But it is the fourth councilmember who stands against this pact. Named “Preacher” and anything but (the community did not need the services of two schoolteachers, but with this newcomer and his wife they made her the schoolteacher and he the preacher (even though he is skeptical towards all things, Godly and otherwise)). He doesn’t believe this will end well, he opposes it, and eventually he acts against it. And of course, he is right. What is actually occurring in these miraculous “rebirths” is horrific in the extreme. The tale’s end is both surprising and unnerving, and well worth it. So, yes, we enjoyed it.

And the next tales, as I will relate in coming weeks, are even stranger.

Again, this collective is top-notch and well worth the effort to find. I give it four resurrections. Get it!


This Census-Taker (Review) PDF Print E-mail
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Sunday, 27 August 2017 00:00

ong-time readers of my reviews know that my favorite living author is China Meville (it’s a love-hate relationship – this guy writes like I should write). I’ve got pretty much every book of his on my shelves. A lot of them are crazy-weird but leave me haunted and thoughtful. And This Census-Taker, it’s the craziest (and deepest) of the bunch.

So this boy lives in an almost dreamlike house high on a windy hill overlooking a town, sometime in a sort of steam-punk post-greatness era. And the tale begins with him dashing down to the city in the valley below, running all the way, screaming and crying that there has been a murder. His mother has killed his father. Or is it the other way. We’re not sure.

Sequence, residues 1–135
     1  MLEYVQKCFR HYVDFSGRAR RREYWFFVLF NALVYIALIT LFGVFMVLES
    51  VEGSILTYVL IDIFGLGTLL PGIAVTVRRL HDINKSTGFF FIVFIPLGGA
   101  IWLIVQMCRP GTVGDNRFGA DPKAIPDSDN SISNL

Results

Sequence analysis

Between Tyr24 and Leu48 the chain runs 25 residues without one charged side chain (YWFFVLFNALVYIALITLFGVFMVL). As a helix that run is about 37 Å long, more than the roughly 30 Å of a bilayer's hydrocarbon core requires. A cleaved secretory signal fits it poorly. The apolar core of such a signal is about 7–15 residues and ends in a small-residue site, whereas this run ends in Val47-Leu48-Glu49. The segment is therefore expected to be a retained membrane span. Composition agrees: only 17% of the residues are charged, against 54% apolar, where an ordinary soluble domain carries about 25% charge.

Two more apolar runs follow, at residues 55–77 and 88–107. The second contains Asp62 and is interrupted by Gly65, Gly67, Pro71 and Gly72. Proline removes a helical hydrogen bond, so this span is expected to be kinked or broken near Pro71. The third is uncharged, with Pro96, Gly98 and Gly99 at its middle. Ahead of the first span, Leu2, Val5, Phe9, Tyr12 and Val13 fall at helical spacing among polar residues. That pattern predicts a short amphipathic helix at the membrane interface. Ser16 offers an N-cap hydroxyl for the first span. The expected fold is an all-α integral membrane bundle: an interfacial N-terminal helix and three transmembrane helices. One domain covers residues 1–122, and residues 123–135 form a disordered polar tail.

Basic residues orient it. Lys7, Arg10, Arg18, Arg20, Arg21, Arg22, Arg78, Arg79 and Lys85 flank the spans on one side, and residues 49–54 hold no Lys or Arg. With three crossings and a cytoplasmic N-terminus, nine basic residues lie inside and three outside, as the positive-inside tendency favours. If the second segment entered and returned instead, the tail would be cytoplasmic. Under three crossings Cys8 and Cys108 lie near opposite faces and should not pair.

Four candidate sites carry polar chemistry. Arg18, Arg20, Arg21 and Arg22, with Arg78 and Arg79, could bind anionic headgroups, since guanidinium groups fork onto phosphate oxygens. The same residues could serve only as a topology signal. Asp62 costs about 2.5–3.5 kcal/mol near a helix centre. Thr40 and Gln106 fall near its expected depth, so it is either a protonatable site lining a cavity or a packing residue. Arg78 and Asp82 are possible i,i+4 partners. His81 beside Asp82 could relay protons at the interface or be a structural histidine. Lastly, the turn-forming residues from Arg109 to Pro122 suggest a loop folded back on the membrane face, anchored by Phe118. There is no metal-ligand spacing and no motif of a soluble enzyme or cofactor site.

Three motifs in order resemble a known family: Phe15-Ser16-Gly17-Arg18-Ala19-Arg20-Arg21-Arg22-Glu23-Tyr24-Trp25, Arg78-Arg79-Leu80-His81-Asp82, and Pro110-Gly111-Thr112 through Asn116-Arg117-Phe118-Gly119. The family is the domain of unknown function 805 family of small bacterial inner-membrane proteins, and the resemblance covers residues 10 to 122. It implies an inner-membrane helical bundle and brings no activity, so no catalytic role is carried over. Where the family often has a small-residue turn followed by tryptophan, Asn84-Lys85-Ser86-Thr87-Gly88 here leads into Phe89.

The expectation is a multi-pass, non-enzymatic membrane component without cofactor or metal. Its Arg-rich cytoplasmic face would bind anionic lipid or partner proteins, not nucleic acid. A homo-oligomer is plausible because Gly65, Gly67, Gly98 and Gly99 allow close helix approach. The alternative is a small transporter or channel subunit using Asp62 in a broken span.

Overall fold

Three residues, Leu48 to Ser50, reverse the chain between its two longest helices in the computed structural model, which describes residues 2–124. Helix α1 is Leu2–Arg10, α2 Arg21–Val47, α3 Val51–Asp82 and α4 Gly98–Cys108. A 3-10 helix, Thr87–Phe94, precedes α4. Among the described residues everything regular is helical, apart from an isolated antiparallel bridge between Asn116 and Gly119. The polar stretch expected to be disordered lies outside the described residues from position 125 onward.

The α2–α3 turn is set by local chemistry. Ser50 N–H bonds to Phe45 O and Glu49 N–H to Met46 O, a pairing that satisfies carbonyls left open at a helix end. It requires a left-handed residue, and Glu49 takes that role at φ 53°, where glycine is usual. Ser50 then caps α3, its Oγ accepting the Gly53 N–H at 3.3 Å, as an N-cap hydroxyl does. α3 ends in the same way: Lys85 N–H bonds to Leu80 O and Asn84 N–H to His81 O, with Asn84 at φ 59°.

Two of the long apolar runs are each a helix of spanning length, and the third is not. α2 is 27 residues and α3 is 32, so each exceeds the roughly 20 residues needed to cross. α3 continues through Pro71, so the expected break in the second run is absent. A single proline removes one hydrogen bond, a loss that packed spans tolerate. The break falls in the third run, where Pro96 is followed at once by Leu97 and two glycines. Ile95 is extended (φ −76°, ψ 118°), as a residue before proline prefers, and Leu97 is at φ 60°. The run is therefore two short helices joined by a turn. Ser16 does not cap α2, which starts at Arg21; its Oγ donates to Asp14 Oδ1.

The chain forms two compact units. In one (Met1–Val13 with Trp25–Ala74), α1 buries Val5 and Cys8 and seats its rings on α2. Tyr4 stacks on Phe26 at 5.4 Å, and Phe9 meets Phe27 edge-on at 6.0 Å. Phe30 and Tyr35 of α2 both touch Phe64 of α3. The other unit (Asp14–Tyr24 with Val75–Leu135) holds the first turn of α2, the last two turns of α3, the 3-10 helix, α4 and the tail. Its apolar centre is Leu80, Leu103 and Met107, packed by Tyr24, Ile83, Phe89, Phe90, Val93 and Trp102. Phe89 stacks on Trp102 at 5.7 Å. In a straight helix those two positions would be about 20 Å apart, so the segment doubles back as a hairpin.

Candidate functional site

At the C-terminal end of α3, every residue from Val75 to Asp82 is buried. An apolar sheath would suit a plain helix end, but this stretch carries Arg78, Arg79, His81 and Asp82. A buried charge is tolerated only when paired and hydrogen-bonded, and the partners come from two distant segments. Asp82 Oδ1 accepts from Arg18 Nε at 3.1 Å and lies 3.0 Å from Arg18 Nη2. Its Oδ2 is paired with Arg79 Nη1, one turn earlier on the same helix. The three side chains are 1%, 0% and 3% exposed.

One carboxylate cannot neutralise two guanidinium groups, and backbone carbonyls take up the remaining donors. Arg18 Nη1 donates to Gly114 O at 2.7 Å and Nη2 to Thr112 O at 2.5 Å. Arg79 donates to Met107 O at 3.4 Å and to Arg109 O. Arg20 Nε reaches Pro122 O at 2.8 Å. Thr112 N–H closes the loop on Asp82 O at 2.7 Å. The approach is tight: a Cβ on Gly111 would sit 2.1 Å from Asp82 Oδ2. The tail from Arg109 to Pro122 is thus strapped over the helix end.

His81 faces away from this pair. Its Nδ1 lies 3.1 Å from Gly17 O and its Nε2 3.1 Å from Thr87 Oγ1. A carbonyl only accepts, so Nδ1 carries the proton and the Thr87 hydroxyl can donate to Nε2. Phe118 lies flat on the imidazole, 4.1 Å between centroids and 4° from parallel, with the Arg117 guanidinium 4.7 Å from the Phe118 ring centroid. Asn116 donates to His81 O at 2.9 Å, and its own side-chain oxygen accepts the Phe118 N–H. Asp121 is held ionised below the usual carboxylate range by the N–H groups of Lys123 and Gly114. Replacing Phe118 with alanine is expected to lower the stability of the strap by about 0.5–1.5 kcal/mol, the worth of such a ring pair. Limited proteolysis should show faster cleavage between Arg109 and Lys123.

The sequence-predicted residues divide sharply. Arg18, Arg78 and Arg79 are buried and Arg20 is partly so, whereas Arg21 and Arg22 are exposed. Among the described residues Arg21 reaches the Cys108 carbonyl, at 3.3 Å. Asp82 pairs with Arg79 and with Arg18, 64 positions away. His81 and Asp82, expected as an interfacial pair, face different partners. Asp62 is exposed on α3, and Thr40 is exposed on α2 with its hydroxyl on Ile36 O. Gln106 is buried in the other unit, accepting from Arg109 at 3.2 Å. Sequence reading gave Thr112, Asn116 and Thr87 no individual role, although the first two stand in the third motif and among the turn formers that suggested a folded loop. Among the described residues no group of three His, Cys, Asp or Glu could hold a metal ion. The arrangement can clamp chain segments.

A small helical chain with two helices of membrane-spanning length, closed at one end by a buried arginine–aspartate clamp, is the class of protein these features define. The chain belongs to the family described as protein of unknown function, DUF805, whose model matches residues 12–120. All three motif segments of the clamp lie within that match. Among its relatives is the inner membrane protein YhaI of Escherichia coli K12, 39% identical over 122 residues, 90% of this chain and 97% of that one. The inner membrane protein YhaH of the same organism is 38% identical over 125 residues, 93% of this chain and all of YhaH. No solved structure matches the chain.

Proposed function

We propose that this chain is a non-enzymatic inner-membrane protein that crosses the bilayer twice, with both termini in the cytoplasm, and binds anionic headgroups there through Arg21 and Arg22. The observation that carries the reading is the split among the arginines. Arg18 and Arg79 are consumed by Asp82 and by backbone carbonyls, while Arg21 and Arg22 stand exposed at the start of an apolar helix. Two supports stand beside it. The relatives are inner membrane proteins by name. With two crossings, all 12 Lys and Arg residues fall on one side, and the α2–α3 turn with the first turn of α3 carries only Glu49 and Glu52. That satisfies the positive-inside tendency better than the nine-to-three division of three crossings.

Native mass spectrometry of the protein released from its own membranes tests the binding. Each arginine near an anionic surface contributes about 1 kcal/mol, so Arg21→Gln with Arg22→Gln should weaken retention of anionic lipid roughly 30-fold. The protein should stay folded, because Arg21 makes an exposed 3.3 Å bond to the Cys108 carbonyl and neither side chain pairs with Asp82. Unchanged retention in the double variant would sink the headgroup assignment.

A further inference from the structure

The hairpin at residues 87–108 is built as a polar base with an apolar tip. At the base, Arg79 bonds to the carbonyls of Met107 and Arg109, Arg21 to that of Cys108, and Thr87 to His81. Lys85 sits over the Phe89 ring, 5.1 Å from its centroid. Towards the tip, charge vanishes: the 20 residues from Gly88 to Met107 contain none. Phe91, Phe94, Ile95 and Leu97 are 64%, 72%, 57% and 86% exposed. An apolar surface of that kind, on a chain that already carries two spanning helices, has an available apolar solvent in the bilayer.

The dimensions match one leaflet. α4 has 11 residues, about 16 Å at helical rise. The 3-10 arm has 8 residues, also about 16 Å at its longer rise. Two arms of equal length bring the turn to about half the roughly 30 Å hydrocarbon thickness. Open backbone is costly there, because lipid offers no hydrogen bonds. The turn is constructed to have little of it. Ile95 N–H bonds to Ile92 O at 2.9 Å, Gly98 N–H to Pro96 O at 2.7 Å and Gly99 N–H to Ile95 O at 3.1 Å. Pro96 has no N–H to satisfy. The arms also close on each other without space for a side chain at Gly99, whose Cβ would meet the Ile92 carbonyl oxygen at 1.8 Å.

No, it seems he’s hysterical – his father (a simple key-maker, though this carries far more magic than the skills of an ordinary locksmith) is fine. His mother, it seems, has left. There is a note. There isn’t any blood. And there is certainly no body (there is a hole in the mountain above, one that his father throws the family’s trash and the occasional animal he brutally kills into) but how can one prove that a corpse has been dropped into that horrific darkness? So, sure, the boy must be hysterical. He’s returned to his father’s care. What else can the disinterested villagers do?

This Census-Taker (named after a character hinted fleetingly through the course of the book, only showing up in the eleventh hour) is a strange book, one that will not conclusively tell you what has happened and what is to be, but more of a dream. After I read it and sat blinking at its conclusion, I slept on it and woke up with my own private idea of what might have happened. I’m not sure if it’s true – I just have a conviction that I know a little more about what took place in the background of this macabre tale.

But I liked it. It had place and depth (that “trash hole” gives me the willies, even now). The characters were realistic – they move with a purpose not dictated solely by the story they appear in. In the end, there is a conclusion (of sorts) and a belief that the characters have moved on. But, as I said, the story echoed in my head for days to follow, troubling me with its implications in unspoken whispers.

If you are looking for a simple story, one where the goal is set in the opening page (i.e. solve the murder or go to war), you won’t care for this windswept tale at all. But if you are a reader, a true reader, you should check this one out. And hey, it’s a novella, a short little thing, so if it really doesn’t appeal, you won’t be in it that long.

Me, I wish it had run longer.


Last Updated on Sunday, 27 August 2017 05:04